In the last few days, education seems to be a hot topic if one goes by the reports in our local media: all part of the NatCon. I’m sure the Media Bahru will soon be putting its spin on the issues reported by Media Tua.
Well I’ll raise here an issue that doesn’t seem to fit in with a sub narrative that our elite schools are (or not) producing the kind of S’poreans we need.
In the UK, where private schools are the elite schools, students from the elite schools are producing world-class apps
… interviewed Nick 13 months ago … he came from a successful, wealthy family who had opted to give him a private education.
A day after Nick started counting his millions [Yahoo! bot his app which summaries news articles], an email dropped in my inbox about another teenaged developer.
Schoolboy Tom Humphrey has launched an app designed to help language learning by combining dictionary definitions with digital translation tools. He also happens to go to Eton College. [UK's most elite school. Costs about S$60,000 a year in fees]
Meanwhile teenager Nina Dewani, who was interviewed by the BBC last month after designing a password-prompting app, attends a private school in St Albans.
It could be a coincidence, but these young people join a long line of tech entrepreneurs who attended private schools and found fame for their creations.
Sir Tim Berners-Lee went to an independent school, as did Bill Gates (although he later dropped out of Harvard to set up a software company), while child prodigy Mark Zuckerberg had a tutor who helped him start writing software.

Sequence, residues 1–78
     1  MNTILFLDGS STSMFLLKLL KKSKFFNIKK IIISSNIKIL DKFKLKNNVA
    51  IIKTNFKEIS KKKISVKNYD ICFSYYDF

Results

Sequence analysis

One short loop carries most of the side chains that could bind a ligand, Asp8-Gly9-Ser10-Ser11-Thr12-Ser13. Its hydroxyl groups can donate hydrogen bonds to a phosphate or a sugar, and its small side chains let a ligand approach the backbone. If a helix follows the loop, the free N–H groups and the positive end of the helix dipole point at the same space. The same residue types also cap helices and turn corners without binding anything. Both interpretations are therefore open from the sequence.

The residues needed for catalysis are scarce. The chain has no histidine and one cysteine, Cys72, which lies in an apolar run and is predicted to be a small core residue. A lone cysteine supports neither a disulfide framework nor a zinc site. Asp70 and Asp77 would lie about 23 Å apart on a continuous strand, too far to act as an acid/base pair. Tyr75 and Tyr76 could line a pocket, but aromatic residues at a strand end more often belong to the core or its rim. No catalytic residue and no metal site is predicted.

Well, where are the world-class app developers from our elite schools? Let alone tech entrepreneurs.
Or is apps development reserved for this school: School of Science and Technology aims to nurture students to be innovative.
A student there “is pitching his business idea of an app which helps busy working parents remember their baby’s feeding schedule.”
Sports School students represent S’pore in ping-pomg, and SST students pitch uses of to-be-developed apps. Err who develops the apps? Poly students? Technical Institutes’ students?
My serious point is that if the students of our elite schools are not doing cutting-edge things that their counterparts in the West are doing, there must be something seriously wrong with the education system? A topic worthy of NatCon: “Where are the app developers from RI & other elite schools?”?
BTW, any comments about “exam factories” will be spammed. Taz a dumb comment to a complex and serious issue. In the UK and US, the elite private schools get more than their fair share of students into elite unis. In fact, critics complain they take away places from students from state schools.